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Bowlers Let Up on Sweepstakes Events : Bobsledders Curbed After Accident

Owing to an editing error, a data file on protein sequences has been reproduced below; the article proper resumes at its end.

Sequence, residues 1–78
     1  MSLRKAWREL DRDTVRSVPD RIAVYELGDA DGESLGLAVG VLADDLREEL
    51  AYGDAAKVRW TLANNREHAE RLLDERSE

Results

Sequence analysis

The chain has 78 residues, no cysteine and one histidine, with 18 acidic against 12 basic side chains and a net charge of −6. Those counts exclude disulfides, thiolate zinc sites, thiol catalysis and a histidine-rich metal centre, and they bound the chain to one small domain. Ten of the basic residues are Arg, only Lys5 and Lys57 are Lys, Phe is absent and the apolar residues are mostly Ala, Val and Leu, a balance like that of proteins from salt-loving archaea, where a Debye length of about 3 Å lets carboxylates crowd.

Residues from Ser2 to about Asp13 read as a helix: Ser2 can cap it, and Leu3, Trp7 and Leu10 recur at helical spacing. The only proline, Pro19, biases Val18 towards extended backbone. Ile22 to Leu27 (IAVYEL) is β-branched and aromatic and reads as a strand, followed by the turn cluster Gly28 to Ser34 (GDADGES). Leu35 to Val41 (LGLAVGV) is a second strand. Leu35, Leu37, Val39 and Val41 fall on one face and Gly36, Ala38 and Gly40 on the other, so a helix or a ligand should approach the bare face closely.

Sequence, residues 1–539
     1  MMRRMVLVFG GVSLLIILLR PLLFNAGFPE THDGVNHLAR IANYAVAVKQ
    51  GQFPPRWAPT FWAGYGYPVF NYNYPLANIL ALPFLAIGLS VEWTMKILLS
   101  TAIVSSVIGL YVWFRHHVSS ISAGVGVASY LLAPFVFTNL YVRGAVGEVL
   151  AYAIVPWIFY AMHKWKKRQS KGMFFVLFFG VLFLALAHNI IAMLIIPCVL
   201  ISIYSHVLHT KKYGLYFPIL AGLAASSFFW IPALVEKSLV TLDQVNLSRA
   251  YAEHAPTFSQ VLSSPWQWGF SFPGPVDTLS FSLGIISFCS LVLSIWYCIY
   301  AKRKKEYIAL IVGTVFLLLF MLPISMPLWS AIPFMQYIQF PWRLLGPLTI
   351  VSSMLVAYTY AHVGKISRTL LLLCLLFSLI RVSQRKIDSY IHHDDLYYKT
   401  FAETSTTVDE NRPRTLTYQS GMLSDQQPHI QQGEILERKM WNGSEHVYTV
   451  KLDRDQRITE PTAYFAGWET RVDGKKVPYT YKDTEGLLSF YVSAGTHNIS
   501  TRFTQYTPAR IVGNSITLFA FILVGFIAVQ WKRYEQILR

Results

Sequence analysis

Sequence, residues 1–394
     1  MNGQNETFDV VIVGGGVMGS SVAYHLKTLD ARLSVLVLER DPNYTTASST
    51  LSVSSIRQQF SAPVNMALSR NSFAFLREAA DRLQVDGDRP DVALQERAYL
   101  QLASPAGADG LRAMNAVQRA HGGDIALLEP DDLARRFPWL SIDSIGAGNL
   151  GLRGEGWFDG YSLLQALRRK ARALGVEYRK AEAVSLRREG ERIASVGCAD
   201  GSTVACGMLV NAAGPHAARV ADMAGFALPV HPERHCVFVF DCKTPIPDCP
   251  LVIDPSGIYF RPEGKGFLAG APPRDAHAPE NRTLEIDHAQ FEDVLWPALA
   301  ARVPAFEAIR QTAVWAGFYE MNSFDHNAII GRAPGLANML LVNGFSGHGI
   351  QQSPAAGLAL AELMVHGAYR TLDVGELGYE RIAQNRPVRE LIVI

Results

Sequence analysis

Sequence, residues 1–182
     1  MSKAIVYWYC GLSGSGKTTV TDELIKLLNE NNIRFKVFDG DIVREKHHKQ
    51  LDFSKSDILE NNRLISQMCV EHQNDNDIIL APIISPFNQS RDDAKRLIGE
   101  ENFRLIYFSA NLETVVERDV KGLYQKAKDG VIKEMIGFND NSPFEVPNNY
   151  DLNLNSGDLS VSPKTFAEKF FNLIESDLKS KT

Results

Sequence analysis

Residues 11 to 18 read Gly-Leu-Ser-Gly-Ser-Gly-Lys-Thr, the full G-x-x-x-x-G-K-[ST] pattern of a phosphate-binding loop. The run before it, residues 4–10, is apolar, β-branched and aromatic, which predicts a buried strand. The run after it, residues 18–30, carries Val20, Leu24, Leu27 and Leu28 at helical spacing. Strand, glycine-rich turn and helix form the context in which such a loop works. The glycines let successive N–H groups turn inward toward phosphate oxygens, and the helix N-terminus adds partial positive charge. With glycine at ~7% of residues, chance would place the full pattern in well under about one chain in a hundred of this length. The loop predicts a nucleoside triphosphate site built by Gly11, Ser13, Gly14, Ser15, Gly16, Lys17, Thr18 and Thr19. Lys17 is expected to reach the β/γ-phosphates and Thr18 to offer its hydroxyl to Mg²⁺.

10 LEAGUE RACES Competition for Pennants Is Generally Tight—February Crucial Month. BY FRANCIS E. STAN. WHILE a temporary lull reigns after the storm of sweepstakes, half of which were and will be about as necessary to the rank and file of bowling as a fire de partment in an igloo settlement, interest in the little ball game now is hitting back to league compe titions. And it is quite possible that, de spite another approaching cloud bunt cf assorted sweepstakes, these special events will play a tuneful second fiddle to pennant chases from now on, for nearly every one of Washington’s 172 circuits is in the throes of a bitter flag fight. February, for most leagues, means the beginning ot the end. Four out cf fi r bowling loops start their final srrics during this month, and, generally speaking, it is doubtful if Washington ever has experienced such a wholesale flock of ticks flag parades. The pin team captain who is buying silver polish today for a prospective trophy is as scarce as the proverbial hen teeth. Few, If any, teams In the District and environs is in a more enviable po sition tloan the Shade Factory team in the North of Washington League, section 1. The Shadcmen hold one of the b ggest leads of any team In the cit-• with their nine-game margin, which, with at l?ast an enilre series ahead, is not at all a curing Nor are championship teams of 1930 31 displaying much promise cf repeat ing generally. Rival outfits have been showing little respect toward last year's pennant-winning combinations. St. Mark's in the Lutheran League ana Chestnut Farms in the King Pin Business Men’s Loop are two of the few championship teams riding out in front today. SEVERAL leagues, among them the War Department. Commercial and North of Washington, section 2, have leaders which are on top by only a nr-c mr margin. The giant Masonic jo guc has a leader in Parker, which hoi .- < n'.v a lead of a game and a hall l —am No. 1 111 the East Wash ington Cluirui and Central in the Post Office haw similar margins. in ihe huge War Department circuit Finano holds a one-game lead over Hydrographic, last year's champ. Daily News is in a like position in the Com mercial League, with Peoples Drug Stores running second. Anderson's Cafe barely is topping Forsythe Drugs in the North of Washington, section 2, •loop. Farkcr has a one-and-one-half-game lead in the Masonic League, with Naval ascend. Delivery is trailing Central In flic Pest Office League. THERE is an abundance of loops having a leader cut in front by or.ly two or three games. Colum bians in the Washington Women's. Central Armature No. 1 in the Electri cal. Wolf Motor in the North of Wash ington. section 3; Operation in the Southern Railway, Blister Rust in the Aggie-Interbureau. Kappa Phi in the Fraternity. Maryland in the IntercV legiate and Wrecking Crew in the Dynamite are holding only two-game margins. St. Mark's has a two-and one-half-garr.e lead In the Lutheran Leacue. Margins of three games are held by Bit Print Shop in the Typothetar, Che* nut Farms in til? King Pin Busi r" s Men's. Treasury in th*» Eastern Star Women’s1, Alexandria in the Mary lend-Viv -ma prei Genoa in the Knights ol Columbus,.among others. Th" majority <-f the rest of the loop leaders vary, with anywhere from four to seven game margins. WHAT little Washington salvaged from its Intercity rivalry with Connecticut this year is in Red Megaw's pocket . . . the Northeast Temple captain took third place in the Eastern Sweepstakes . it was typical of Ed Blakenev to roll 673. with a 99 in liis second game . . . What hap pened to Nick Tronsky w'hen he roiled 524 in his last set? . . . Nick still looks good for another No. 1 ranking, how ever . . . Sue Miller of Baltimore not only finished second in the 25-game sweepstakes, hut rolled In high heels . . . Evelyn Ellis, who weighs 99 pounds, was reluctant to roll in the marathon when John Blick cut the route from 50 to 25 games . . . Mary Stapleton of Norfolk, who rolled nearly 17 balls a minute and finished her 25 games in an hour and 55 minutes, challenged Blick to a match Immediately after finishing . . . Ray Huffman, leading the Suburban Sweepstakes, toppled more pins in his last two games than in his first three . . . his 147 and 194 were good for a 341 total, while his first three strings counted only 322. WOMEN’S WESTERN GOLF LIST BOOSTED 72-Hcle Medal Flay Tournament and Junior Championship Round Out Schedule. By the Associated Press. CHICAGO, February 1.—The Wom en's Western Golf Association has added two tournaments to round out its 1932 schedule. A 72-holc iredal play event will be held at Knollwood Country Club, Chi cago, August 30. 31 and September 1 end the annuel junior championship will be held at FIcssmoor Country Club July 18-21. inclusive. The medal tour nament formerly was a four-day event, but has been cut to three this year, with 18 holes scheduled for the first two days and 32 holes on the third day. The open and match play tournament arrangements previously have been an nounced, the former going to the Ozaukee Country Club, Milwaukee, July 11-15, and the match play at the Peoria, 111., Country Club August 22-27. TIGERS OPTION PASEK. BEAUMONT, Tex., February 1 (/P).— John Pasek. catcher with Allentown of the Eastern League la^t season, has been optioned by the Detroit Tigers to the Beaumont Exporters. Pasek. a right-handed hjttcr, batted .312 in 108 games. 26 of which he played in right field. DAINTY DIES IN CRASH. BELLEVILLE, Ontario, February 1 (/Pi—F. (Buddy) Dainty. 23-year-old Jockey, known to Ontario race fans as the "long-shot rider." is dead as the result f>ian automobile crash. Honestv in Alexandria Ring Boxing Customer Gets Break in Game Souring Elsewhere. __ BY TOM DOKRER BOXING is sliding up ana down the scale of public interest. Amateur and college box ing. proving that the fans have never lost interest in the perform ance of boxers, is riding upon a high wave ol interest. Professional — big-time — boxing, un able to mend its erring ways because of the parasites which cling to its edges, is having a difficult time getting back into the graces of the customers, Professional boxing moves its head above its surroundings at times, only to have affairs like the Bat talino-Miller contest hurtle it back. IT Ls common gossip in pugilism that the possessors of crowns in three weights are mane god by men w ho also act in the capacity for contenders. This situation does not tend for hon est bexing. Rather it only makes the ! game a means of dishonest livelihood lor organized gambling And a farce from a sporting standpoint. Boxing leaders, no doubt, watching the antics of the wrestlers and their liandlers, feel, maybe, that if the mat game can attract thousands each night through burlesque displays, why should not the ring racket gather some of the long green by hocus-pokus methods. Or did wrestling learn its tricks from boxing. Either way, Phillup K. Sap. the cus tomer, is in the middle. And he will be as long as the State-paid athletic commissions make no effort to remove from the sport men who are charged with making of it a set cf crooked cards. Maybe the Jack Kearnses, the Pete Keillys and the Bill Duffys are not solely responsible. It may be that ELM'S 28? WINS TEXAS OPEN GOLF Little Known Pro Triumphs at San Antonio—Sarazen, Moreland Second. Bv the Associated Press. SAN ANTONIO, Tex,, February 1.—Unheralded when play started, Clarence Clark cf New Jersey today held the Texas open golf title, gained yes terday with a 287, 3 over par. The giant professional from Bloom field. h>d to shoot two under perfect figures for the last 18 holes of the 72 hole grind to snare the championship and the $600 prise. He took over the title won last year by Abe Espinosa of Chicago with a 281. Espinosa this year was fifteenth with 299. When the tournament started Clark's huge size was the only thing that at tracted attention toward him. He was over par on every round until the last 18 hol°s. He went out then with a fine 34. two under par. and breezed home with an even par 35 for a 69. Gene Sarazen of New York and Gus Moreland, Dallas, Tex., amateur cham pion, tied fer second with 288. More land misled a chance to lie Clark for first, when his long putt on the eight eenth green stopped a scant inch from the cup. Scores as high as 303 flnishd In the money. There were 18 money prize winners. Tournament officials announced the prize money would be raised next year to $5,000 from $2,500. Final scores included: Clarence Clark, Bloomfield, N. J, 144—143—287. Gene Sarazen, New York, 145—143— °88 (x) Gus Moreland, Dallas, 149—139— 280 Paul Runvan, Westchester, N. Y„ 143—147—290. Dudley Bell. Houston. 148—142—290. Harry Cooper. Chicago, 149—141—290. Wlfly Cox. Brooklyn. 145—147—292. Dave Hacknev, Lowell, Mass., 147— 147—294 Ray Mangum, Los Angeles, 143— i _295 Dick Metz, Corpus Christl, Tex., 150—146—29R. Ralph Guldahl, Detroit, 147—149— 296. Lefty Stackhouse, Dallas, 149—149— ; 298. Tony Manero, Elmsford, N. Y., 149— i 149—298. Joe Kirkwood, Philadelphia, 144— , 254_298 Abe Espinosa. Chicago, 150—149—299. Tom Lally, San Antonio, 147—154— j 301 Tex Longworth, Fort Worth, 149— 152—301. Willie McGuire, Houston, 151—151 — 302 Joe Palctti, Chicago. 158—145—303. Archie Hambrick, Zanesville, Ohio, 155—151—306. Ky Laffoon, Denver, 153—154—307. Alex Wilmot, Madison, Wis., 153— 156—309. John Dawson, Chicago, 158—152— 310. T. H. LongstafT, Milwaukee, 154— 160—314. Tomekichi Miyamoto, Japan, 158— 159—317. (x) Amateur. COUNTY RIVALS CLASH Hyattsvillc and Mount Rainier Boys, Girls Carded Tomorrow'. HYATTSVILLE. February 1. —Hy attsville High School and Mount Rai nier High girls’ basket ball teams will face tomorrow afternoon on the National Guard Armory court here at 3 o'clock, with the boys’ quints of the schools taking the court later. The contests will be the second in the series for the Prince Georges County cham pionship. Both the Hyatsville boys and girls won the opening tilts. Company F basket ball teams won both ends of a double-header yesterday at the National Ouard Armory. The soldier first-strirgers walloped Aztecs of Washington. 40 to 22, end the re serves trounced Maryland City A. C., 22 to 7. Aztecs gave Company F considerable opposition in the first half, at the end ; of w'hich the Doughboys were ahead, 21 to 14, but Daugherty, Aztec ace, was forced from the going with a leg injury and in the second half the visitors were less formidable. Jack Williams and Fenton Cogar, w ith 10 and 8 points, were high scorers for Company F while Daugherty and Chapman, each with 7, topped Aztecs. Company F Reserves had a walk away against Maryland City, getting an early big lead and holding it. The half-time score was 16 to 3. Sammy Townsend got 11 points, half of the soldiers’ total. -• AGLIANO RING VICTOR. NEW ORLEANS. February 1 (/P).— Tony Agliano of New York won an un I popular decision yesterday over Lou Avery of Oklahoma City in a 10-round lightweight ,V>ut. Agliano weighed 1 130%, Avery 135%. the system or controlling the game, in the hands of politicians, is breed ing the characters which now in fest it. WHATEVER the cause, it cannot sur vive under the present regime But that it is a good sport, and an honest one at heart, is attested by the crowds which are attending the Alexandria and the amateur fights. There is a simplicity to the Virginia fight atmosphere which is thoroughly refreshing to one who has watched from close by the manipulations of the sup posed big-timers of clouting. It is this rugged, simple honesty which is the real lure of the nearby battles. If all boxing were to be conducted with the sincerity of purpose, the open arranging of bouts and the frankness of speech of that In Alex andria, it would be a flourishing sport. Boxing is a man's sport. Nothing can take its place in the estimation of the American fan who loves action and courage. But only immediate drastic action by State athletic commissions is going to save pro boxing from complete oblivion. But I do believe the lessening of In terest in the shady big-time bouts Is giving amateurs and the college boys a bigger play. The customers who insist upon having their boxing, and who once looked upon the amateur brand as being too mild, are looking at it from another angle now. They see in it honesty and determination to make the game a sporting event. College men make a play for trade this week, when Columbus University meets Washington and Jefferson at the Strand Theater, Catholic Uni versity meets College of the City of New York, Maryland clashes with Washington and Uee and.the Navy boxes Louisiana State. ’> And the Alexandria Day Nursery crowd starts the week tonight with a card which, if not brilliant, should be attractive in the point of action Which is what the customer wants for his money. Mavbe I'm provincial, but I'll take the Alexandria bouts in preference to some of the championship battles I've witnessed in late years. At least I do not read in the papers the next morning what a b.g sap I was to think the winner won. GALLAGHER RATED MASTER OF BROWN D. C. Boxer, in Best of Trim, Expected to Win at Alex andria Tonight. NATIE BROWN, hard punching Jewish heavyweight, and Marty Gallagher will go to war on the local boxing front to night at Portner's Arena in the eight round final of a 30-round boxing card under the auspices of the Alexandria Pay Nursery. With a weight advantage of approxi mately 15 pounds, Marty will go to the post a slight favorite to defeat the husky boy from the stable of Billy Mc Camey and Joe Jacobs. Gallagher is down to 202 pounds, the lightest he has been since he whipped Reds Barrv at Fort Washington last October. He weighed 207 pounds for Herman Weiner here recently and as a result was entirely too slow. A bout with Charley Retzlaff in the near future is to be Gallagher s reward if he whips Brown decisively. The Day Nursery has agreed to stage the bout, provided Dan Carroll or Jimmy Gal lagher can make the match. Lew Raymond, leader of the welter weights in this section, tackles Sammy Braunstein, hard-hitting Marine, in the s'mi-windup slated for six rounds. Braunstein distinguished him self recently by knocking down Harry Kid Groves and then winning the bout when Groves dropped without being hit. Another hair-raiser is expected when Patsy Lewis and Sailor McKenna go in the "main preliminary for six rounds. Lewis is undefeated in four starts at Portner's. McKenna, a smart boxer, will be facing a puncher with a sock in either hand. Lewds stopped Billy Essinger and Roddy Davis and defeat ed the rugged Marino Marini. Soldier Clark tangles with Marino Marini in one of the four-rounders Clark was one of the most popular bovs at Fort Washington last Summer He has defeated Jack Quigley. Billy Hooe. Sammv Hogan and Caspar Leon. Jack Lamar and Billy Essinger square off in another four-rounder. Women with escorts again will be admitted free to all but ringside seats. Bannockburn Enjoys l nique Distinction P r o d u c i n g Two Midatlantic Golf Leaders THAT rugged golf course of Ban nockburn Club, which today Is a semi-public layout which at tracts a lot of folks who want to play on different courses, has seen most of the star players of the Middle Atlantic sector knocking golf balls to ward distant pins and is unique In one respect at least. Over those rolling fairways at Bannockburn two former champions of the Middle Atlantic Golf Association have tuned up the game which won for them the premier title in this neok of the goifir.g woods—a distinction no other club about Wash ington nas enjoyed in many, many years. George J. Voigt and R Cliff McKim mie, both members of Bannockburn, won the Middle Atlantic championship three years apart, and both brought to the club house overlooking the Potomac and Glen Echo the historic cup of the as sociation, which has been in competi tion since away back in 1902. That cup has been around a good deal, but during the last two decades it has not stayed in one spot for very long prior to the advent of young Billy Howell, who now holds it at the Her mitage Club of Richmond. No other local club except Bannockburn has had it more than once in the past Naturally golfers good enough to win th" Middle Atlantic can show quite va lot of golf and naturally both Voigt and McKimmie have contributed their bit toward course records over the tough Bannockburn layout. Voigt, the impeccable, W’ho is the best amateur ever turned out by the public links hereabouts, holds the unofficial record at Bannockburn. In a tournament he scored a 70, playing the ball where it lay, and on another day when Winter rules were in force, he blasted his way around that rugged course in 66 whacks, picking up so many birdies that the scorer got dizzy counting But the real official record for the course goes to thee redit of young John Thatcker, college student whom most golfers around Washington never have heard of For Thacker, good as he is, has not plaved much tournament golf. One dav tw'o Vcars ago he started with a bird 3 on the first hole at Bannock burn and, insired by this beginning, he proceeded to carve himself a neat 69. one under par for the course, and thereby set an official record. For the score was made in one of the rounds for the Tom Moore Trophy, which is a 72-hole medal play event, wherein all putts must be holed. That record stands today as official for both amateurs and pros. The best that has been done by a professional in actual competition at Bannockburn Is 71, J. Monro Hunter Pointers on Golf The accuracy of Francis Ouimct in playing approach shots is due, in large measure, to his ability to force his clubhead out on a line toward the pin after contact is made, instead of having it swing in toward his left side. . Ouimet accomplishes this by the way he controls his hands. Notice him playing a pitch with stop, and ouiMt-r 6 FU&H-r HANO UNDER GO I N & -THROUGH — f'ldjfnr— you will see that the back of his left hand and the palm of his right are facing upward as he carries his iron through after contact. Here's a secret of accuracy in pitching that the duffer must pay attention to in order to gain full control. Next—Addressing the club. Putting is half the game. Sol Metzger has prepared a fine leaflet on "Putting.'' which he will send free to any reader sending stamped, 8dj dressed envelope. AddressjWJis news paper. •Copyright. 1&32J, ! of Indian Spring did that two years ago in a sweepstakes tourney for Middle Atlantic professionals. Tony Sylvester, the rotund Bannockburn pro. also has had a 71 under regular rules playing the ball where It lies, and on the round might well have bettered that mark, for he took three putts on both the seventeenth and eighteenth greens, when a 3 and a 4 would have given him a par shattering 69. Cliff McKimmie, the holder of the Middle Atlantic professional match play title, and pro at White Flint Country Club, shot himself a 71 one day at Bannockburn shortly after he won the Middle Atlantic amateur title in 1924. That mark remained for several years as the best score msde at Bannockburn until Voigt and Thacker came along. John C. Shorey. who used to be a member of Bannockburn, has scored 70 several times, playing Winter rules everywhere on the course. LAST year for a time there was grave fear that Bannockburn might go out of existence as a golf club. While that fear is not yet over, Bannockburn is carrying on as a semi-public course, with about 40 members who have re mained loyal to the club. It has done fairly well as a public fee course, with a take of about S800 a month in green fees during the Winter to date. Yes terday, in spite of the cold wind, there were 40 people cut there playing golf at a dollar a head. The Bannocxburn authorities hope to continue going along as they arc. paying the interest on the mortgages and hope that Bannockburn as a golf club will continue for some time to come. THE Middle Atlantic pros chose one of the few cold days of the Winter for their sweepstakes tourney and annual meeting. Those who played to day In the sweepstakes event at Manor Club bundled themselves up in warm clothing. A dinner tonight at the club will be followed by the annual meeting of the Middle Atlantic Professional Golfers’ Association, at which Ralph Beach of Baltimore will take the office of president, to be vacated by J. Monro Hunter of Indian Spring. PLAN DELUXE TRIPS TO OLYMPIC SPORTS Boston, New York and Philadel phia Athletic Clubs to Cover 10,000 Miles on Tour. By the Associated Press. Big athletic clubs of Boston, New York and Philadelphia are planning a de luxe tour to the Olympics. Special trains will take the caravan westward, but on the return the athletes and club members will take a steamer through the Panama Canal. New York Athletic Club. Boston Ath letic Association, Crescent Athletic* Club and the Penn Athletic Club have joined in the plan. The trip will cover 10,000 miles, with 7.000 miles by sea. On the trip by rail stops will be made in Baltimore and Washington to pick up local delegations. The party will arrive back home August 29. _ THE TIMID SOUL. —By WEBSTER I'LL WAIT TILL TUG J EI GMT T) CLOCK Tf?AlN AND THEN IF MG DOESN'T fl CONG SACK.IN AFKAlD ] Vfe«| i ILL MAVE TCm&O^^^^J 1 ■ -1 ]— 1 WHOFFORD SW1NK GlFFUSC MOSSBUR6 PROHZ PEEKMC8E blotch KMMNOEC board! ' Me 15 ASKCD 67 A GTf?ANCee To WATCH A SUiTCASC AND Misses Two Tf?AINS ^ I s / (T) uyTti«\jNf ,»w< COLLEGIATE BOXING BOOMS IBIS WEEK Catholic, Maryland, Colum bus Have Meets Scheduled. O'Connor to Show. - ! ioiks tms week as tne collegiate ring season opens here. Never .before have as many as three schools here been represented In boxing the same year. Catholic University, University of Maryland and Columbus University are the schools whose representatives are seeking fistic honors. Columbus’ team will open activities when it entertains Washington and Jefferson's glove artists at the Strand Theater Thursday night. Catholic Uni versity will meet City College of New York's glovcmen Friday night in the gymnasium at Brcoitland and Mary land's representatives will have it cut with the Generals from Washington and Lee Saturday night in Ritchie Coliseum. HEADING the Columbus battlers is Mickey O'Connor, District of Co lumbia A. A. U. champion. The Crimson, coached by Dick O'Connell, also boasts capable punchers in Eddie Marmel, bantamweight: Harry Allen, featherweight: Johnny Russo, welter weight: Gus Mirman, light-heavyweight, and Francis Jahn. heavyweight. Co lumbus last its first meet, 2 matches to 3. against City College of New York in Gotham. Catholic University has one of the most formidable arrays it has had in years. Eddie Lafond, coach of the team, plans to start this line-up against C. C. N. Y.: Miro. bantamweight: Johnny DoPasquale or Bill Calabrese, featherweight: Basil Mara valias or I Harry DiGiacomo. lightweight: Frank Stines, welterweight: John Stapleton or Jim Lyons, middleweight: Dan Pyne I or Tom Gearty, light-heavyweight, and Bingo Flynn or Phil Cress, heavy weight. THERE may be several changes in Maryland's line-up over the array that faced V. M. I. recently when the College Park team lost. If their condition warrants, Coach Billy Whip may send Jim Decker and Bill Robbins, members of last season's Old Line team, into the ring. They recently re turned to school. Decker, a bantam, may take the place of Bob Rueling. j while Robbins, a heavy, may show in place cf George Norris. Others listed to perform for Mary land are Frank Maneri. featherweight: Frank Iseman. lightweight; Bernard Keener, welterweight: Jim Loughran, middleweight, and Fred Nordenholz, light heavy. Admittance to the Columbus and Catholic U. matches will be granted only to members of the athletic asso ciations of those institutions. The pub lic may attend the Maryland bouts at $1 a person. Lowe Done as Great Runner English Ace Too Busy as Lawyer to Try Come back for Olympics. BY ALAN GOULD, Associated Press Sports Editor. AT least one of the prospective Olympic come-backs, of which the woods are crowd ed these days, can be checked off the list. Douglas G. A. Lowe, two-time British winner of the Olympic 800 meter race and as smooth a piece of running machinery as ever stepped on the cinders, has no idea what ever of defending his laurels at Los Angeies tjris year. Our London sleuths tracked Lowe to his legal lair, where he made it clear that he was too busy as a bar rister even to consider an attempt to return to competition. Lowe doubts very much whether he will be able to come to the United States, as an Olympic spec tator or official. He can have a Job With the British team if he wants it. No greater half-miler nor better sportsman ever trod the track than Douglas Lowe. Slim and handsome, he was the picture of gracefulness in action. He had a tremendous stride, but also superb form. On the boiling hot day at Stam ford Bridge four years ago, when I j saw him run two relay races, the last one a half-mile anchor “leg” in 1:51, I believe Lowe was the greatest half-miler of all time, Otto Peltzer, Lloyd Hahn. Sera Martin. Ray Watson, Schuyler Eftck and other top-notch half-milers j were not in Lowe's class when he was in his prime in 1928. The British star retired shortly after the Olympics that year and hasn't *p i peared in competition since. Haas of Gophers Should Be Great CAPT -ELECT WALTER HAAS of the University of Minnesota foot ball team will have played under three head coaches at the same school when he concludes his varsity career next Fall. When Hass was a freshman Dr Clarence Spears, now at Oregon, was the head man. Then Hass plaj’ed two Reasons under Fritz Crisler. Hass will be team leader under Bernie Bierman. who will re lieve Athletic Director Crisler of the gTid poaching jcb. WEEK’S RING CARD Corbett-Vetasco. Schaaf-Uz cudun and Retziaff-McCar thy Are Billed. -- By the Associated Press. NEW YORK, February 1.—Young Corbett, Fresno southpaw, comes out of an enforced re tirement this week to demon strate just why he thinks he should have a "shot” at Jackie Fields’ newly won welterweight championship. On the sidelines for months with a fractured thumb, Corbett meets David Velasco of Mexico City in a 10-round match at San Francisco Friday night. A championship match between Fields and Corbett now is in the making. pise where heavyweights dominate the program for the week, big fellows head lining Friday night shows both in the New York and Boston Gardens. At New York, Ernie Schaaf, Young Boston star, tackles Paulino Uzcudun, battle-scarred Spaniard, in a 15-round "elimination” match. At Boston, Charley Retziaff, Duluth puncher, takes on Jack McCarthy of Boston in a 10-rounder. OLYMPIC MENACE Coach Says Speed Squad Is Best Nation Ever Had in Competition. 'This is the first of a s^'ies of stories written exclusively tor the Associated Press bv coaches of United Stc.tes Ol'nn vic squads on their prospects for the third Winter Olympic games.t BY WILLIAM TAYLOR, Coach of the United States Olympic Skating Team. LAKE PLACID, N. Y, February 1.—The United States has the beet speed skating team it ever has been able to enter In the Winter Olympics games. For that reason I believe, and the boys are confident, that we will win more than our share of the prizes. I do not want to discuss the ability of one boy above another because each will give everything he has. We can't ask more. Previously the United States has tailed to win an Olympic speed skating championship, although Irving JafTee had the 10,000-meters title in his grasp at St. Moritz in 1928 when soft Ice forced cancellation of the race. Inability to get the proper training for the 1928 games helped spoil our chances. This year we have had six weeks of intensive drill. The boys are ready. I believe, too, that we are bound to benefit from the use of our own style of racing in the coming games. Abroad they skate against time and in lanes Here we skate in heats, man against man. We cannot deny that the in vading athletes will be handicapped. Our chief competition. I believe, will come from the same nations we tried to beat in 1928. Norway and Sweden. Two Norwegians in particular. Bernt Evensen and Ivar Ballingrud. are liable to cause us more than enough trouble. Evensen will be the man to beat. I think, in the 1,500 and 5.000 meters raees. Ballingrud is the invading ace in the 500 and 10,000 meters events. Despite their ability, however, we have a well balanced team, with strength nicely proportioned, capable speedsters in all four of these events. We have every reason to be optimistic. All Hurt as Vehicle Hits Tree. Ace of Team Out of Olympics. BY EDWARD J. NEIL, Associated Press Sports Writer. LAKE PLACID, N. Y . February 1.—Once more the men who made a dangerous interna tional sport of the young sters’ pastime of sliding dowm a hill have stolen the show from a j couple hundred serious-minded j competitors in half a dozen Win ! ter Olympic fields. A breath-taking smash on the most dangerous curve in all brbsleighdom— a smash that sent Capt. Werner Zahn. Dr. Hans Mehlhorn, Heinrick Rossncr and Charles Devine to hospital cots with broken bones, cuts and bruises— rocketed the bobslc-ighers back into the spotlight with the first real procf of the dangers of the sport. Zahn, ace of German bobsled drivers, is definitely out cf the games, starting Thursday, witn a fractured left arm. Dr. Mehlhorn, his brakeman, suffered a broken bene in his left hand. Ros« ner's back was badly wrenched and De I vine, a Lake Placid boy borrowed for the moment, suffered from shock. All j were cut and bruised about the head and body. ZAHN and his companions were hurt when their 500-pound bobsleigh, traveling a mile a minute, smashed over the top cf Zig-zag Curve, most dangerous on the mile-and-a-half run on Mount Van Boevenberg. and sailed 10!) feet through the air before It crashed into a tree, shattering the bob and flinging riders into the brush and rocks of the rugged mountainside. Harry Homburger. pilot cf the Lake Saranac Red Devil", and Hubert Stevens, another famous local pilot, both made full runs down the treacher ous course before authorities called a I halt over the violent objections of fer : eign teamr. i They insisted their necks were their own to break as they wanted, that bob running was a man's game, that court j mg death, risking flying off into space j to crash through trees and rocks, plav i ing tag en route with 500 pounds of bohsled, was fun. BUT authorities created more bitter ness among the visitors by forcing them to ride only a mile, and then with full brakes set. One man on the rear of each s!ed held down all the way the steel-toothed clamps that tear into the ice and check speed. There were no mere accidents The foreign trams were greatly an noyed at what they relied the p.eier rnce shown the Americans in letting , them go the entire route while they ! were restricted—"like children"—one said. They all believed they could get through if Homburger and Stevens j could, and they insist they need the practice more than the local boys, who 1 have ridden the slide for more than a ! year "What will we do if the slide is this fast the days of the O’vmpics'’" they demand. "Automatically default to this unadmitted superiority of the Americans?" ARRANGE GRID GAME TO EDIFY OLYMPIANS Tad and Howard Jones Will Direct Demonstration at Los Angeles in August. By the Associated Press. new HAVEN. Conn . February 1.— Foreign athletes v ho will compete in the Olympic games are going to be given some idea of what tills game of foot ball is all about. Twenty-six Yale. Harvard and Prince ton seniors have been chosen to play in a demonstration game against an eleven chosen from seniors at South ern California, Stanford University and the University of California. The con test will take place on August 10 in Los Angeles as part of the Olympics. T. A. D. Jones, former Eli coach, will be in charge of the Eastern squad. His brother Howard, coach at Southern California, will pick the other squad. TROUSERS To Match Your Odd Coats EISEMAN’S, 7th & F jPjjjLIES] Suffering from piles is needless. Pazo t/intment is guaranteed to give instant relief in all cases of itching, blind, bleed ing and protruding piles, or money back. Handy tube with pile pipe, 75c. or box, 60c. All druggists. 9&TRUTH QtlmtWin! “You can fool some of the people all of the time and all of the people I some of the time, but you cannot fool all of the people all of th? time.” Our policy - never fool anyone at any time. 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